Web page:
Eisenbud-Jule/Chronologically Extraordinary Psi Correspondences In The Psychoanalytic Setting/ Psychoanalytic Review. 1969, 56(1), 9-27.
Eiser-Alan-S/A Laboratory Study Of Dreaming In Endogenous Depression/Dissertation Abstracts International. 1983 Dec Vol 44(6-B) 1957.
Epstein-Arthur-W/ Simmons-Nina-N/Aphasia With Reported Loss Of Dreaming/American Journal Of Psychiatry. 1983 Jan Vol 140(1) 108-109.
Epstein-Arthur-W/The Contribution Of Cerebral Hemispheric Disease To The Understanding Of Dream Type And Content/Research Communications In Psychology, Psychiatry & Behavior. 1984 Vol 9(1) 15-30.
Epstein-Arthur-W/The Waking Event-Dream Interval/ American Journal Of Psychiatry. 1985 Jan Vol 142(1) 123-124.
Faber-P-A. Saayman-G-S. Papadopoulos-R-K/Fantasy, Its Effects Upon The Archetypal Content Of Nocturnal Dreams/ Journal Of Analytical Psychology. 1983 Apr Vol 28(2) 141-164.
Farrell-Ronald-A/Social Psychological Factors Associated With The Dream Content Of Homosexuals/International Journal Of Social Psychiatry. 1983 Fal Vol 29(3) 183-189.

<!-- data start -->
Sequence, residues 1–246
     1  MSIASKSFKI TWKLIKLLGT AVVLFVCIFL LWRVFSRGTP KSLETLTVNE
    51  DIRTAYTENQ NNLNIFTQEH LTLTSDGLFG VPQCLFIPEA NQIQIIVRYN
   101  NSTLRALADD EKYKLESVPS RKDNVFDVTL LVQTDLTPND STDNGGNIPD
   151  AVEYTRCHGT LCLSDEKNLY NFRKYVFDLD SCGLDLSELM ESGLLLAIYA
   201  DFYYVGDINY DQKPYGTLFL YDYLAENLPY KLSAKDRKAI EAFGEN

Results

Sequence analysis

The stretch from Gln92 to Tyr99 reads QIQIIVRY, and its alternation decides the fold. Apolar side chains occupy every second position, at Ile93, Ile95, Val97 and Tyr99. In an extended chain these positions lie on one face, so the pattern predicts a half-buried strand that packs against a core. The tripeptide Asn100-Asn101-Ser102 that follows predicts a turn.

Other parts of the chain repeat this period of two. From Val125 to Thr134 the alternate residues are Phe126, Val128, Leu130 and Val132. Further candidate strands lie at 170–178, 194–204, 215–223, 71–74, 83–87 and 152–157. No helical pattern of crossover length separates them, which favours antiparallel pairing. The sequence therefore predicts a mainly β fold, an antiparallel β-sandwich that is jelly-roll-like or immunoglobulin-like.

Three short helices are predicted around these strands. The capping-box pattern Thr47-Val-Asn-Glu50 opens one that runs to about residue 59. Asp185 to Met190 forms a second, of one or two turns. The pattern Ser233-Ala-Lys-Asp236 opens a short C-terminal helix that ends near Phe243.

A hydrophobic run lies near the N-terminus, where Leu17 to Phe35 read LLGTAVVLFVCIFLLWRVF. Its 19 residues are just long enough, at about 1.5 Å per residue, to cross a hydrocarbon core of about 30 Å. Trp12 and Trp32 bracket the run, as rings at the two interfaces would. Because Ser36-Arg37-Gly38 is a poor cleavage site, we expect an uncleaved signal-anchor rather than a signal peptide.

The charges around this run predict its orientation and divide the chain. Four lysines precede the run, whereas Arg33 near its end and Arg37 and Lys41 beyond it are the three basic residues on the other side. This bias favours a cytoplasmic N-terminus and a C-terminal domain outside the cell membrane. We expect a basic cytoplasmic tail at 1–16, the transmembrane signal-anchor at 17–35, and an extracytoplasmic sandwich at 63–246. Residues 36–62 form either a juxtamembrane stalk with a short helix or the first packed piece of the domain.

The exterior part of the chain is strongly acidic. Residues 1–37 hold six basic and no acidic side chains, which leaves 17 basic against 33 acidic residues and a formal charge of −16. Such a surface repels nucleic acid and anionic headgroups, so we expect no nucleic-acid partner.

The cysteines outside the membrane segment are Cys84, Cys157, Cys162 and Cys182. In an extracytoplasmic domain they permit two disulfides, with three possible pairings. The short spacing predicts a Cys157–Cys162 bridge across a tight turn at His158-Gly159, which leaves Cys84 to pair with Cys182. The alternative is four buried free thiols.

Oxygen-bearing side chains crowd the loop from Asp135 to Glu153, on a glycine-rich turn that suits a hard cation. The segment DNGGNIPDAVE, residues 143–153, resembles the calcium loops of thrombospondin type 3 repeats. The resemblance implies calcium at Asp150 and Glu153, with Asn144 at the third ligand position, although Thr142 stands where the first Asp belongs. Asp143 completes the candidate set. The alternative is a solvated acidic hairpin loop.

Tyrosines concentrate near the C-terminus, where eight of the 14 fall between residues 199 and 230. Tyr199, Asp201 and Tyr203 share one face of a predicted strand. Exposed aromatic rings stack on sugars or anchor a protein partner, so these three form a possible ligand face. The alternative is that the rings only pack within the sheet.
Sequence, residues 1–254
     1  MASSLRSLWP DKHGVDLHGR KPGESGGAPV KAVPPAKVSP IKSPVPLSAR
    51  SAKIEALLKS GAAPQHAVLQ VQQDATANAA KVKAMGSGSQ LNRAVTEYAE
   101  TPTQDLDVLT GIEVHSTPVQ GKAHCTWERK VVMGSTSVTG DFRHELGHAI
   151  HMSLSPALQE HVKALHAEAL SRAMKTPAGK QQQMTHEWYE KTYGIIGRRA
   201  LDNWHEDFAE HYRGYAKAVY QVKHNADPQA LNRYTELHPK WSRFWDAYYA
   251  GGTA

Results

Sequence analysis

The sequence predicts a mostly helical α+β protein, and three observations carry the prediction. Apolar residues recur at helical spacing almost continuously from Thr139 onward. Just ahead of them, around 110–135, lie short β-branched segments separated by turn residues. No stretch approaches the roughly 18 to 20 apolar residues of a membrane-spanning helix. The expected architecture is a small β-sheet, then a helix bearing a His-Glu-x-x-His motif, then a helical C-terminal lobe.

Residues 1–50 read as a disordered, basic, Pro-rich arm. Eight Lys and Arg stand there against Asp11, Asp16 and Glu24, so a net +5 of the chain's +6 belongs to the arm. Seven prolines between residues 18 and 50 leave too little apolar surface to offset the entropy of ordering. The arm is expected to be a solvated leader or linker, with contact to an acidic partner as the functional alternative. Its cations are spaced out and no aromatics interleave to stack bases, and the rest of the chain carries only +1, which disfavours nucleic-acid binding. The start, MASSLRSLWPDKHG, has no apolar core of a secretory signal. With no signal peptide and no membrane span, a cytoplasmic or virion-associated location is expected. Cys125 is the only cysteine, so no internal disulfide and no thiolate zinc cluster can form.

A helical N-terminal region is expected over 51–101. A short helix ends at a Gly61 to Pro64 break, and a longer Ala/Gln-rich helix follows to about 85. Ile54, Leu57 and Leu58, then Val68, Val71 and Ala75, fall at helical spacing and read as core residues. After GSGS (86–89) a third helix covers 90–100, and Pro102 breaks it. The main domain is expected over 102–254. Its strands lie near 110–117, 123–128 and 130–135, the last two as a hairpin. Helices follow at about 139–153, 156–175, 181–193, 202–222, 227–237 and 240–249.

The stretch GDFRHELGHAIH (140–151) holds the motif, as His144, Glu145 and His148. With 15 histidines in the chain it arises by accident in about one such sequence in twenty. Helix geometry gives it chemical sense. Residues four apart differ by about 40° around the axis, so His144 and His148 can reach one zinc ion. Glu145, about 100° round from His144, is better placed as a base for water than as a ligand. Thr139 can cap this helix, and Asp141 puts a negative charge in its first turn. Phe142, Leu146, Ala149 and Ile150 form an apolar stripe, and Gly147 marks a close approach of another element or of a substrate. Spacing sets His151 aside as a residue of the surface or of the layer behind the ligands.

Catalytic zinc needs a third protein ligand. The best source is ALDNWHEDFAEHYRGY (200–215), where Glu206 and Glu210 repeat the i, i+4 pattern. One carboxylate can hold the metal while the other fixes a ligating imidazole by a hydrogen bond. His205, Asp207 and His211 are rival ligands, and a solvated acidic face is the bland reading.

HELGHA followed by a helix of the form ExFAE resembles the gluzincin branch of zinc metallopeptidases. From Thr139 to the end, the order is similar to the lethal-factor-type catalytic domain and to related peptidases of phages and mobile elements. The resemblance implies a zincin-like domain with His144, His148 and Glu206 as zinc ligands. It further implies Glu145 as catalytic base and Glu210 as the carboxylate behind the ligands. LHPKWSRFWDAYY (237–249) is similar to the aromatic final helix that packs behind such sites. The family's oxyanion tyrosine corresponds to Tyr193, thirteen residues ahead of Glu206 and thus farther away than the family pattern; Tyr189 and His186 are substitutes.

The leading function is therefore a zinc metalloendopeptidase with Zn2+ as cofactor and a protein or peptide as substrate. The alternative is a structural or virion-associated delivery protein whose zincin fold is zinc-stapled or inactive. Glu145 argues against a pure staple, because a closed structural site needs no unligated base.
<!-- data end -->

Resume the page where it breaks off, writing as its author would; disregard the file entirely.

Fenwick-Peter Et Al/Lucid Dreaming: Correspondence Between Dreamed And Actual Events In One Subject During Rem Sleep/Biological Psychology. 1984 Jun Vol 18(4) 243-267.
Fierz-H-K/Analytical Psychotherapy And Dream, Resistance And Wholeness/Analytische Psychologie. 1976 Vol 7(4) 275-285.
Fischman-Lawrence-G/Dreams, Hallucinogenic Drug States, And Schizophrenia: A Psychological And Biological Comparison/Schizophrenia Bulletin. 1983 Vol 9(1) 73-94.
Fiss-Harry/Toward A Clinically Relevant Experimental Psychology Of Dreaming/Hillside Journal Of Clinical Psychiatry. 1983 Vol 5(2) 147-159.
Fosshage-James-L/The Psychological Function Of Dreams: A Revised Psychoanalytic Perspective/Psychoanalysis & Contemporary Thought. 1983 Vol 6(4) 641-669.
Foulkes-David Et Al/Long-Distance, 'Sensory-Bombardment' Esp In Dreams: A Failure To Replicate/Perceptual & Motor Skills. 1972 Dec Vol. 35(3) 731-734.
Foulkes-David. Schmidt-Marcella/Temporal Sequence And Unit Composition In Dream Reports From Different Stages Of Sleep/Sleep. 1983 Sep Vol 6(3) 265-280.
Furst-Kathryn-A/Origins And Evolution Of Women's Dreams In Early Adulthood/Dissertation Abstracts International. 1984 Jan Vol 44(7-B) 2242-2243.